In looks, it sits at the top of the heap. Apple TV is a gorgeous, one-inch-tall, round-cornered square slab, 7.7 inches on a side. It slips silently and almost invisibly into your entertainment setup. (You can’t say that for the Xbox, which in comparison is huge and too noisy for a bedroom.)

The heartbreaker for millions, however, is that Apple TV requires a widescreen TV — preferably an HDTV. It doesn’t work with the squarish, traditional TVs that many people still have.

Apple defends its audience-limiting decision by saying that the future is HDTV; Apple is just “skating to where the puck is going to be,” as a product manager put it.

Apple TV doesn’t come with any cables. You’re supposed to supply the one your TV requires (HDMI, component video or HDMI-to-DVI adapter). They cost $20 at Apple’s online store.

So what is Apple TV? Basically, it’s an iPod for your TV. That is, it copies the iTunes library (music, podcasts, TV shows, movies) from one Mac or Windows PC on your wired or wireless home network to its 40-gigabyte hard drive and keeps the copy updated.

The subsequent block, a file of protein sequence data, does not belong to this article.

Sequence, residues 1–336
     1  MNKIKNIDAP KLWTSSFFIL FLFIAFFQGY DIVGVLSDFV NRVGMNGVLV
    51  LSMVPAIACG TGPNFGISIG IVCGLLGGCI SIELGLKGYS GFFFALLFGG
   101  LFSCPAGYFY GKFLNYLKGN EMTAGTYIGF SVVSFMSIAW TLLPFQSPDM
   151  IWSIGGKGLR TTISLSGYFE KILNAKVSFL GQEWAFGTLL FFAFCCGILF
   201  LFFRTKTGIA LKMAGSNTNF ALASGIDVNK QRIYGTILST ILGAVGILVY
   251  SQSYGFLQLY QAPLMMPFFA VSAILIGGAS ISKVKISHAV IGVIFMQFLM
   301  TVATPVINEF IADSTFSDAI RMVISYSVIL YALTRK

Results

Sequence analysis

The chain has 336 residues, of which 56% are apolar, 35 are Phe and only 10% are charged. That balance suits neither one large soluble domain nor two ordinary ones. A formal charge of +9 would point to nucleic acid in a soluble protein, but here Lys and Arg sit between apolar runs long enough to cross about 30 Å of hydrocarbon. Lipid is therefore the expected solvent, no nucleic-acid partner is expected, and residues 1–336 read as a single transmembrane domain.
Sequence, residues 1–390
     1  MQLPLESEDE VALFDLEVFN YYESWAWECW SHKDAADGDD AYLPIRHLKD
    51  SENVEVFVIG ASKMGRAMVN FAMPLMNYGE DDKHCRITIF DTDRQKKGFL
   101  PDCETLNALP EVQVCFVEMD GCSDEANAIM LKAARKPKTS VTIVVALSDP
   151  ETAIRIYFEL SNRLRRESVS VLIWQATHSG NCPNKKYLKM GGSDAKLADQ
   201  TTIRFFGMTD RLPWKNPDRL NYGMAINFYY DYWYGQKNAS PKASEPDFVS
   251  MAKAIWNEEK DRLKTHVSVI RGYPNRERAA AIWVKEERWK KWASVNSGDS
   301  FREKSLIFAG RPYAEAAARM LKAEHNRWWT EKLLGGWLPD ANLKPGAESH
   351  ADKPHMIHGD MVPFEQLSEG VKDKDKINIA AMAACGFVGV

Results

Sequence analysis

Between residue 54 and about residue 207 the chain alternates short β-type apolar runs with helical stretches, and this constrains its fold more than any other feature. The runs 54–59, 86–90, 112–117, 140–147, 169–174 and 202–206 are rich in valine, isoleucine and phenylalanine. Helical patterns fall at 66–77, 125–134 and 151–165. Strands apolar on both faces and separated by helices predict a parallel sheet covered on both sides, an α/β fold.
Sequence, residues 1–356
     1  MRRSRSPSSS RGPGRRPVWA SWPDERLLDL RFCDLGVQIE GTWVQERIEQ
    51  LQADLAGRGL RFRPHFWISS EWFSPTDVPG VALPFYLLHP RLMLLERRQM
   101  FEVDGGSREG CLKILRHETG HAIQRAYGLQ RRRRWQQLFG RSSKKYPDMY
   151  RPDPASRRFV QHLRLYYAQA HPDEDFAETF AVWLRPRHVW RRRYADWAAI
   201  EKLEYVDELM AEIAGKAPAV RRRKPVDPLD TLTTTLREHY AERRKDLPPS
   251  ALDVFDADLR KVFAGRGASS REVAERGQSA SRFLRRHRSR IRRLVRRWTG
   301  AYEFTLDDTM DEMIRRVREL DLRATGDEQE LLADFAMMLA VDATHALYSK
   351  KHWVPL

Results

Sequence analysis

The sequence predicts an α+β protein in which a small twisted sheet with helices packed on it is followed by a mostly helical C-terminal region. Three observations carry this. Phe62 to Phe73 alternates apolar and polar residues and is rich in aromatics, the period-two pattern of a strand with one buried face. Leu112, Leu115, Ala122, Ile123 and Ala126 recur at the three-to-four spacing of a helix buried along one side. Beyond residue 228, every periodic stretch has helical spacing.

The drive holds about 50 hours’ worth of video or 9,000 songs; if your iTunes library is bigger than that, you can specify what subset you want copied — only unwatched TV episodes, for example.

At this point, you can play back videos, music and photos even if the original computer is turned off or (if it’s a laptop) carried away. (Photo playback requires iPhoto on the Mac, or Photoshop Album or Photoshop Elements on Windows.)

A tiny white remote control operates Apple TV’s stunning high-definition white-on-black menus, which are enlivened by high-resolution album covers and photos. You can see the effect at apple.com/appletv.